Page:Popular Science Monthly Volume 13.djvu/740

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THE POPULAR SCIENCE MONTHLY.

known as the "ploughshare" bone formed by the union of several of its segments into a terminal mass for the support of the rudder-quills and of the oil-gland. Several very marked characteristics are to be seen in the hind-limb, to which, without entering deeply into osteological details, we may draw attention. Opening into the hollow shafts of the stronger bones—a character common to those of the wing and parts of the spine—there are to be found small pores, the air-passages by which the air-sacs, themselves extensions of the air-tubes of the lungs, are prolonged into the bones. In the skull also we find numerous air-cavities; these, however, are filled, not from the lung air-system, but from the nasal and ear chambers. No one who has examined the leg-bone, often called the "drumstick" (technically known as the tibia), of a common fowl, can have failed to observe the great ridge, or prominent crest, on the front of its upper extremity, or how easily the pulley-shaped articular surface of its lower end separates off from the shaft in the young bird, especially if the bone has been boiled or macerated for some time in water. This peculiarity vanishes when the fowl attains to its full growth; but till then the separation remains, as if to assert the right of the extremity to be considered, what in reality it is, a separate and distinct bone, the sole representative of a colony of ossicles (corresponding to the bones of the heel in the human foot) once existing in its grandsires at this spot, which for reasons of expediency has here coalesced with its long neighbor. On its outer side the leg-bone is always accompanied by a very slender bone, known as the fibula, attached only at its upper end, tapering gradually to a point about the middle of its fellow. Lastly, to the leg-bone immediately succeeds the hock-bone, the beautiful conformation of whose lower end into the resemblance of a triple pulley, for the articulation of the toes, is a mark by which we can unhesitatingly say that it belonged to a bird.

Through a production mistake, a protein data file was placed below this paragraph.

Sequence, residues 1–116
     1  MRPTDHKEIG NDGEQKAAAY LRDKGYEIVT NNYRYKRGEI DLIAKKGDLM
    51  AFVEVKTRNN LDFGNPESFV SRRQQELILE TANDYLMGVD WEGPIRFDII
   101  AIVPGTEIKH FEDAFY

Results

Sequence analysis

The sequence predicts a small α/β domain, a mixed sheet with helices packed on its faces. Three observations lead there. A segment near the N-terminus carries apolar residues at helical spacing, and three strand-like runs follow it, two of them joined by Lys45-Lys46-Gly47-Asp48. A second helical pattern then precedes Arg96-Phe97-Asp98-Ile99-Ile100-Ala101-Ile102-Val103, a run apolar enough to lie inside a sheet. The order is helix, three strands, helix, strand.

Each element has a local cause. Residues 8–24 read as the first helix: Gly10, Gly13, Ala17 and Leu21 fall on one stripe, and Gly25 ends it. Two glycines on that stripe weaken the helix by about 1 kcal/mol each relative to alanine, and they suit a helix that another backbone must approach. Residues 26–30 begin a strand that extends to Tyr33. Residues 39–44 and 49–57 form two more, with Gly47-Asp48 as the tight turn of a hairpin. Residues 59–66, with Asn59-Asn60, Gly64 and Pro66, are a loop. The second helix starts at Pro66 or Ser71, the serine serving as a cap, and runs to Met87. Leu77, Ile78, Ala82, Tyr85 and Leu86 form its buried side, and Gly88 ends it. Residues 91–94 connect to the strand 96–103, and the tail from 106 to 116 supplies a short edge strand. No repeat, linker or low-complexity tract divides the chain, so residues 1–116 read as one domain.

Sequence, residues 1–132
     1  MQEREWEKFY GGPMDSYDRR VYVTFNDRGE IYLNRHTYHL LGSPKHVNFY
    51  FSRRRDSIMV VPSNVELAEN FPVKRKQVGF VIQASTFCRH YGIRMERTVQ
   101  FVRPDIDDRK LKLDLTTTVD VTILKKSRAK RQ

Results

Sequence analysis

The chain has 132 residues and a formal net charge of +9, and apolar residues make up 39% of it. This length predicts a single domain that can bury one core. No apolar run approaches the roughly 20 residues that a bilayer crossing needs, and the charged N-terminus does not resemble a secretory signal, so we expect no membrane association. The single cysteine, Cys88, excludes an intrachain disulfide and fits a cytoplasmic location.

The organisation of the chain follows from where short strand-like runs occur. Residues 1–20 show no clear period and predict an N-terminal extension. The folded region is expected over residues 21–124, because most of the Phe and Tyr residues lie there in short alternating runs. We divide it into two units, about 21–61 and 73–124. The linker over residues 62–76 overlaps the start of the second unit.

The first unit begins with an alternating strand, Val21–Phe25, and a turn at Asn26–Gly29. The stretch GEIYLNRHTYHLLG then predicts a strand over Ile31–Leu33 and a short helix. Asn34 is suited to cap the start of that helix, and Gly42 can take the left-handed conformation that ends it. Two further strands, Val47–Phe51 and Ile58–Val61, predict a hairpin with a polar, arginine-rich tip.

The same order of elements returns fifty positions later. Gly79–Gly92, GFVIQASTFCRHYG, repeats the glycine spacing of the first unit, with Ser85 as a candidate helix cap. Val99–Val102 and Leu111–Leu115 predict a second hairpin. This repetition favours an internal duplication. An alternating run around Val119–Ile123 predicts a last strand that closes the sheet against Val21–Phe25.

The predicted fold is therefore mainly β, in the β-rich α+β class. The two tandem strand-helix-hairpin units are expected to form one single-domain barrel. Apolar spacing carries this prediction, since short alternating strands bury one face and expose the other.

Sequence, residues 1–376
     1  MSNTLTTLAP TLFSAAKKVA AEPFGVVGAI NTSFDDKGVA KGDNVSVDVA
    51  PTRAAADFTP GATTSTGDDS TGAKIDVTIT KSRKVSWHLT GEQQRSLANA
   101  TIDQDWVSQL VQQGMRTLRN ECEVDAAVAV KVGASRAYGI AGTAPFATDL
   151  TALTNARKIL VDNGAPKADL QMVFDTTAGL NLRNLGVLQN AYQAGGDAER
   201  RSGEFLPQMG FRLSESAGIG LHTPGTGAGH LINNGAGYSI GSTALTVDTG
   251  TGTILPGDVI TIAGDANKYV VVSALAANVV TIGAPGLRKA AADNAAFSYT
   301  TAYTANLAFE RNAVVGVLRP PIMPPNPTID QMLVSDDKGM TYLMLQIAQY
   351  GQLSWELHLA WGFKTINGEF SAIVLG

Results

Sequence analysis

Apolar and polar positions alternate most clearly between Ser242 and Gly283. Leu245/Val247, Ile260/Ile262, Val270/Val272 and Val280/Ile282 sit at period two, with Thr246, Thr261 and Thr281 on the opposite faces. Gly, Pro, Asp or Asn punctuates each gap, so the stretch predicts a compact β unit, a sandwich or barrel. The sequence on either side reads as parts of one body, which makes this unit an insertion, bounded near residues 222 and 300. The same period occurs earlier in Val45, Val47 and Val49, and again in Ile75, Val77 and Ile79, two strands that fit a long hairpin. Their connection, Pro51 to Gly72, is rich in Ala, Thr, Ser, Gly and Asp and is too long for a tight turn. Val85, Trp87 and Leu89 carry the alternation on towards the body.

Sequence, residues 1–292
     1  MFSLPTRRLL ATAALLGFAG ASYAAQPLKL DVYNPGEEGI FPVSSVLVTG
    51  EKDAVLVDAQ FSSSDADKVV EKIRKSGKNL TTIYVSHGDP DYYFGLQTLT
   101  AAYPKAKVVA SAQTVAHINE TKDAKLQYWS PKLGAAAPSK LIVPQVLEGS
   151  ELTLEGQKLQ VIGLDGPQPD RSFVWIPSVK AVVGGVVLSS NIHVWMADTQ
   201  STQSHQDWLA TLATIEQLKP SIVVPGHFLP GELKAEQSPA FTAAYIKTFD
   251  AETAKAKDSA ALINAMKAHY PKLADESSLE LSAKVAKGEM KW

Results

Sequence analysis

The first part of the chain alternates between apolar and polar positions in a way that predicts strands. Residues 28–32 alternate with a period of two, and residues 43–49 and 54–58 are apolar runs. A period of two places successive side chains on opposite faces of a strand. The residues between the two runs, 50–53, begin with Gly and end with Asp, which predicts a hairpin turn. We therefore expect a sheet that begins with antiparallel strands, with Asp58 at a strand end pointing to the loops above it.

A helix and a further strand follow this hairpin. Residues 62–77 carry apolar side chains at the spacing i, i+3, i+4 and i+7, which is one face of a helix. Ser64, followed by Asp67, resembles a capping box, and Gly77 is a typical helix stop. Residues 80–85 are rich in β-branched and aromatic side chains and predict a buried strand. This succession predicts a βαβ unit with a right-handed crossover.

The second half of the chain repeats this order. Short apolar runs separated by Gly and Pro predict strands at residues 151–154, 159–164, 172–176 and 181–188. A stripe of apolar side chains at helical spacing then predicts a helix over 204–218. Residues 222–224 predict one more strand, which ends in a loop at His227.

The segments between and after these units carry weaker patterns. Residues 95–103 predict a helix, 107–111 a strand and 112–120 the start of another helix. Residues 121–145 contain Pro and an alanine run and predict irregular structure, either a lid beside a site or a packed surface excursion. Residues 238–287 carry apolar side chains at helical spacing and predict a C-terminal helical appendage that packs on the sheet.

Bearing in mind these peculiarities, for whose detection no very deep scrutiny is required, which are but a few, yet sufficient for our present purpose, of the more striking characteristics to which the members of the Avian family more or less closely conform, we shall now for a little turn our attention to that other division of the animal kingdom with which we have in the title of this article contrasted the bird.

 

The reptiles are a wonderfully interesting group on account not only of the marvelous variety of their habits and modes of life, but also of their manifold diversity of form. Our country, in common with the rest of Northern Europe, can claim to be the habitat of but few examples of this tribe, whose home is under warmer latitudes; and consequently only limited opportunities present themselves to the European student for becoming acquainted with their habits and animated forms, unless he happens to live within reach of the menageries of the Zoölogical Societies of London, Berlin, Paris, or Amsterdam; those who are unfortunately distant from such interesting educational centres must